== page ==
Tag Archives: Warren Buffet

Value Investing — how much cash to keep around

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For the last few years I have been trying to master the art of value based stock investing. I tried Warren Buffet type stocks, but had limited success. I decided that what you buy is as important as when you sell. I purchased CBI too late. Warren had already sold his shares, but I didn’t even realize it because I have no way to get news of what Warren Buffet owns until after the fact. The stock crashed, and I had to hold on to it for along time with hopes that it would come back up — and it just did.

My main stock strategy consists of assessing values of solid companies and having a mix of banks, food, and tech companies. I do not buy much outside of these sectors. I’m paranoid of a horrible depression where the only companies to survive are the ones that deal in food and bottled water such as Coca-Cola and Pepsi. When one stock goes up and another goes down, I sell a little of the one that went up and buy a little of the one that went down. To implement this strategy successfully you need to like a stock enough to keep buying it when it goes down. That means you don’t lose faith in it. Only really solid companies qualify for this type of investing such as Coca-Cola, IBM, Wells Fargo, etc.

But, what I realized was that I didn’t keep any cash on hand. If some stock went down all of a sudden and I needed to buy it, I had to sell something else at a possibly inopportune moment to get the cash together. I’ve recently decided to try to keep a certain percentage of my assets in my investment account in cash, so that I’m ready to jump on an unexpected opportunity. I keep my eye on the stocks I’m ready to buy. But, instead of buying what I like. I decide upon a threshold price to buy a particular amount. If I have cash on hand, I can put in a buy order for an amount slightly lower than what its trading for and get a really good price.

There might be five stocks I’m interested in trading slightly above the assigned value that I gave them. I might put in a buy order to the particular stock that is closest to the desired price. And then a few days or weeks later, perhaps another stock might be closer. By using this strategy of using assigned values and buy orders I can get a buying price roughly two or three percent lower, as well as a slightly higher selling price using selling orders.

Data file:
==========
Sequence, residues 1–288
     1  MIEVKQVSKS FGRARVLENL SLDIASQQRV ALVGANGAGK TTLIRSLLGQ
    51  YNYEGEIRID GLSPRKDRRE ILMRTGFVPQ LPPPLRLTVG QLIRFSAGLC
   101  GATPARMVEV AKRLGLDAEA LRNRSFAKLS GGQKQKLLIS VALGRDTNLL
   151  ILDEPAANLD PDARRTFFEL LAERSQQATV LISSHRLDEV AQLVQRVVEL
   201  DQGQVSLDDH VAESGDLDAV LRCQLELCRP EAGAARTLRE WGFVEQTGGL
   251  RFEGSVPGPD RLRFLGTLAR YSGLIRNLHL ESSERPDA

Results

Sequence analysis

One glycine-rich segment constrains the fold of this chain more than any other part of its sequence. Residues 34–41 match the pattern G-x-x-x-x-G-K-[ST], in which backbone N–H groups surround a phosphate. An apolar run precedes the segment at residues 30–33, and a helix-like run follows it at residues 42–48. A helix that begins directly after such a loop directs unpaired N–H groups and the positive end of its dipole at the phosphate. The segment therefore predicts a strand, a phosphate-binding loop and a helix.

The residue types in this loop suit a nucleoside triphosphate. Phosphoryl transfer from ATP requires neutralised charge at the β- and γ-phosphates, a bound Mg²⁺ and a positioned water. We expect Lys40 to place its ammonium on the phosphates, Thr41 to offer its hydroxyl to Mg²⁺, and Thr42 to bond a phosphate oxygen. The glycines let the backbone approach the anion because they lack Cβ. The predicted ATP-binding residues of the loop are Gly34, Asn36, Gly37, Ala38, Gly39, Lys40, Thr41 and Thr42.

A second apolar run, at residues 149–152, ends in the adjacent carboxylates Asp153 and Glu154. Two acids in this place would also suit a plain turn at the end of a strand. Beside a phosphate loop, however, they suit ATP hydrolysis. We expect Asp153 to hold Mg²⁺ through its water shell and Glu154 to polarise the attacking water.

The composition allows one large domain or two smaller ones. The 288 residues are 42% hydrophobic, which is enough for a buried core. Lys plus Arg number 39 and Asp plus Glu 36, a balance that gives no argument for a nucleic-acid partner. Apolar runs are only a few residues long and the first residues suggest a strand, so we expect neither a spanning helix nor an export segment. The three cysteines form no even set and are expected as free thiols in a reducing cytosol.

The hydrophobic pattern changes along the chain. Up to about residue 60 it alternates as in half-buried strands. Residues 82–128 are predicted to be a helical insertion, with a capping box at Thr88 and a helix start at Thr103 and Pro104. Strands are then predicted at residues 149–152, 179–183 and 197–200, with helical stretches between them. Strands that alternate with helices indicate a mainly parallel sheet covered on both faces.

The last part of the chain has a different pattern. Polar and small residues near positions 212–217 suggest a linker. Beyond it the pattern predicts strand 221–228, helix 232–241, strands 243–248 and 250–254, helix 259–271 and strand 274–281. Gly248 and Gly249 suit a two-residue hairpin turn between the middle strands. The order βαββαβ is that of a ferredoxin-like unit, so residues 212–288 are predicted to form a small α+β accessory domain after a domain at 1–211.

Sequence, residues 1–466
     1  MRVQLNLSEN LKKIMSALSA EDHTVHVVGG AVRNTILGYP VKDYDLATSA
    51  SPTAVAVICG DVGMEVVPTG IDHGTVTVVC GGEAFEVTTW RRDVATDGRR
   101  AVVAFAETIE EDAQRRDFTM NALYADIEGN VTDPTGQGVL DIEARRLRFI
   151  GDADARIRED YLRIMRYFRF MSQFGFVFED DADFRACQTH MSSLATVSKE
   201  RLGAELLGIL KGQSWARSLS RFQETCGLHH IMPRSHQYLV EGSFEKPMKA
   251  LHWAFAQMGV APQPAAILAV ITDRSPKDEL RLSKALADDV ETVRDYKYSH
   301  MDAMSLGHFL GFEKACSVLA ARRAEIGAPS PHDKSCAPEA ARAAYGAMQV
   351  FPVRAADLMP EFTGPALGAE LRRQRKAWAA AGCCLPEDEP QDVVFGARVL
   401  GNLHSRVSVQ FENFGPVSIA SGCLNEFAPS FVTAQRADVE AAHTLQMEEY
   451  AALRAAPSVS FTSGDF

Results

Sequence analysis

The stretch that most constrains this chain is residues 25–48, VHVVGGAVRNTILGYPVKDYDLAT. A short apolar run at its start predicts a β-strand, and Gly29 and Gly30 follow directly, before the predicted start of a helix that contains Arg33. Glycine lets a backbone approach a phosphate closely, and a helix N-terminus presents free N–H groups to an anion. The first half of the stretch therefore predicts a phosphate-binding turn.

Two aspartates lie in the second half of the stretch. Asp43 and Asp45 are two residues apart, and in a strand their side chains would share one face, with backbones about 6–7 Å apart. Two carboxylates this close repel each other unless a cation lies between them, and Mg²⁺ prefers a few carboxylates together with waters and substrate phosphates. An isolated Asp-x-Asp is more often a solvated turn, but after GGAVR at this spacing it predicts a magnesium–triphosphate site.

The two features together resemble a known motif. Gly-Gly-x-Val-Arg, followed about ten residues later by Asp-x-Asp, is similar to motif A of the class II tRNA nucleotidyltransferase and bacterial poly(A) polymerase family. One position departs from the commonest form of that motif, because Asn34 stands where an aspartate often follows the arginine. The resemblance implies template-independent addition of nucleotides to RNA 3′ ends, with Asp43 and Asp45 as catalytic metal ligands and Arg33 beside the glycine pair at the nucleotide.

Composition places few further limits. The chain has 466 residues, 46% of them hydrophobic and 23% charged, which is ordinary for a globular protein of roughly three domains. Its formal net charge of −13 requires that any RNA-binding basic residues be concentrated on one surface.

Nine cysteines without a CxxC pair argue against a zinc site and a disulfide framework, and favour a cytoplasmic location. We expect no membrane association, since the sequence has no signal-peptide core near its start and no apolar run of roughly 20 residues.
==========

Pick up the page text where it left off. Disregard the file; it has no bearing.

Some people trade stocks with the desire to make a killing. I just am happy to get a good dividend and make between 4-12% on a fast trade. I might buy and sell in a few days, weeks or months and make this percent only to turn around and get another undervalued stock and try to do the same thing. The strategy so far is effective. The only problem is me — I’m not an expert investor. But, I’m sharpening my instincts daily and watching the market every morning tracking forty of my favorite stocks.

Warren Buffet’s stock algorithm cracked?

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I am not a very seasoned investor and I don’t know Warren Buffet’s entire stock algorithm. But, I have a good idea about parts of it.

Yes, Warren Buffet likes a company that has been around for a very long time that will not go out of business. Yes, he looks for good margins of operation and return on equity. He looks for companies with a “moat” where competitors cannot just run them out of business. But, there are things about Warren Buffet’s stock buying practices that you might not be able to guess just by crunching numbers. He looks for P/E ratios, but also low P/B ratios as that is statistically the best indication for the greatest increase in stock price in the long run.

Warren Buffet likes conglomorates that buy up smaller companies as he finds them steady and a good business model for the future. In the tech world, IBM seems to be the best conglomorate as they are huge and buy up smaller companies. Google and Facebook are in the process of becoming conglomorates too, but they lack the same stability as IBM who made it through the great depression which is a huge achievement for a company. I’m not sure if companies who made it through the last depression will make it through the next one — but, in my opinion, they are a better bet than new companies.